No, I’ve never heard of Torch Mobile, either.
But according to the company’s web site, it is “excited to announce” that the company has been acquired by RIM, “one of the most renowned mobile technology companies in the world.” It looks like a play by RIM to improve the Internet side of its mobile devices.
Torch Mobile is the developer of, among other things, the Iris browser, which, like Safari, is based on the webkit rendering engine. Torch describes Iris as:
“…an advanced, high-performance and versatile application that is specifically designed to function in resource-constrained environments. It brings the full Web experience to mobile phones, set-top boxes, mobile Internet devices, portable media players, Ultra-Mobile PCs and other embedded devices — in a fast and user-friendly manner.”
This is great news for BlackBerry owners. That smartphone might be great at handling email (well, that’s a matter of opinion — I’ve owned two BlackBerry devices in my time and still think email is better on my iPhone) but the browser RIM has been pushing on its customers is horrible, just horrible.
Since Iris is based on the same core engine as mobile Safari, if it is ultimately subsumed into upcoming BlackBerry models, we can expect those diminutive email machines to become a bit more capable as all-round mobile Internet devices. Plus, RIM gets to add a new string to its bow, which should please Bono.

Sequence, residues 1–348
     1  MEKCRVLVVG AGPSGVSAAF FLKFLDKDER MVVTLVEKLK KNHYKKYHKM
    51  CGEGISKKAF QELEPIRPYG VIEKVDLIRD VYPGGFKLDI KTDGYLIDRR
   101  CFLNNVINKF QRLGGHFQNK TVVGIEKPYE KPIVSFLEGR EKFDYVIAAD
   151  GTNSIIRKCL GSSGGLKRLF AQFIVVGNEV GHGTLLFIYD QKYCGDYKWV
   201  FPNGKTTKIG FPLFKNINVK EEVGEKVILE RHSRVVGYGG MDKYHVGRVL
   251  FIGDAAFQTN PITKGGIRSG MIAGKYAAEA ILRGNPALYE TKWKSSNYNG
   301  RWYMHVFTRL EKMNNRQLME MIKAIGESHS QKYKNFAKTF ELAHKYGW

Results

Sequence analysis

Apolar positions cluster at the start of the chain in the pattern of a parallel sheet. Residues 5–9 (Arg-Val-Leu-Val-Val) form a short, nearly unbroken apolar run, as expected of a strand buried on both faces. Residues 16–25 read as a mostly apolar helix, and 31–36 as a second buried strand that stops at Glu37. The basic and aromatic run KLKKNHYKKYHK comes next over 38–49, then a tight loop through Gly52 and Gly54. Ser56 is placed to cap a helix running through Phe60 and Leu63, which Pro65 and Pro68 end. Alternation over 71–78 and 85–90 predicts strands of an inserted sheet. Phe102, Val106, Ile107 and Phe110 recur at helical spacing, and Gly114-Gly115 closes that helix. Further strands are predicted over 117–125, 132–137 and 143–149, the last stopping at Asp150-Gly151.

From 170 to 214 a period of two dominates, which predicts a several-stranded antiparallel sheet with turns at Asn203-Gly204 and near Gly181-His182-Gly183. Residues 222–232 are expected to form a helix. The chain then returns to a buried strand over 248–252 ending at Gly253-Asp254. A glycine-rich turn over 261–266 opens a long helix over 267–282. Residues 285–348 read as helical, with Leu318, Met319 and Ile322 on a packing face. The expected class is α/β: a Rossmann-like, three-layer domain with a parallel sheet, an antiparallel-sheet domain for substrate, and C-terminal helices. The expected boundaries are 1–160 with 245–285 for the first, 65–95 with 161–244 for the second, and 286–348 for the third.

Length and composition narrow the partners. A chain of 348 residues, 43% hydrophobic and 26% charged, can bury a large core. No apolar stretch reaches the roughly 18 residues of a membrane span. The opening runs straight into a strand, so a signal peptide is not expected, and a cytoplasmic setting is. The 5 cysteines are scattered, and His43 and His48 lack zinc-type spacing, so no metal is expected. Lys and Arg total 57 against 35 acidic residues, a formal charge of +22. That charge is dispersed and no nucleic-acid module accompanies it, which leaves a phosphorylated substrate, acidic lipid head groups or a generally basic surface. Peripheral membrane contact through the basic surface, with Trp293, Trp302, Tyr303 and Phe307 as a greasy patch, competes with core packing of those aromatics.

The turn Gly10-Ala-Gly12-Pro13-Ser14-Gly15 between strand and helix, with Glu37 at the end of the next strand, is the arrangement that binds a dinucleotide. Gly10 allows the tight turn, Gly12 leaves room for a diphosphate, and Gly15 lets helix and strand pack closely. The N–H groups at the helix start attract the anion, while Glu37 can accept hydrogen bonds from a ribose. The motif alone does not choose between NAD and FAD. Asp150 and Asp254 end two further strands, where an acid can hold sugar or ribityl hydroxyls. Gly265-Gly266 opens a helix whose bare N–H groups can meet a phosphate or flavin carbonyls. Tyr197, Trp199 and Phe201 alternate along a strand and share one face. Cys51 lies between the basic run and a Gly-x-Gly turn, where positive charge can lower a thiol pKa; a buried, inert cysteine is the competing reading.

Iris is currently limited to Windows Mobile and devices running the Nokia-owned Qt Extended (formally Qtopia) operating system (a flavor of Embedded Linux).
Closing the gap on the iPhone’s superb web browser is surely the aim of every mobile device maker; after all, the iPhone is unarguably the king of the mobile Internet. In its April report, AdMob revealed that a full 43 percent of worldwide smartphone web requests were made on the iPhone and iPod Touch. In North America, the figure was as high as 59 percent. By June, those figures had grown to 47 percent and 64 percent, respectively.
For any mobile device manufacturer, it’s difficult to honestly claim an elegant and worthwhile browsing experience without at least matching the power and usability of mobile Safari. So perhaps next year, when Apple is announcing its latest and greatest iPhone, RIM will be in a position to (finally!) offer its customers an experience similar to the one iPhone users first had three years earlier. Coming to the party late is better than not coming at all, right?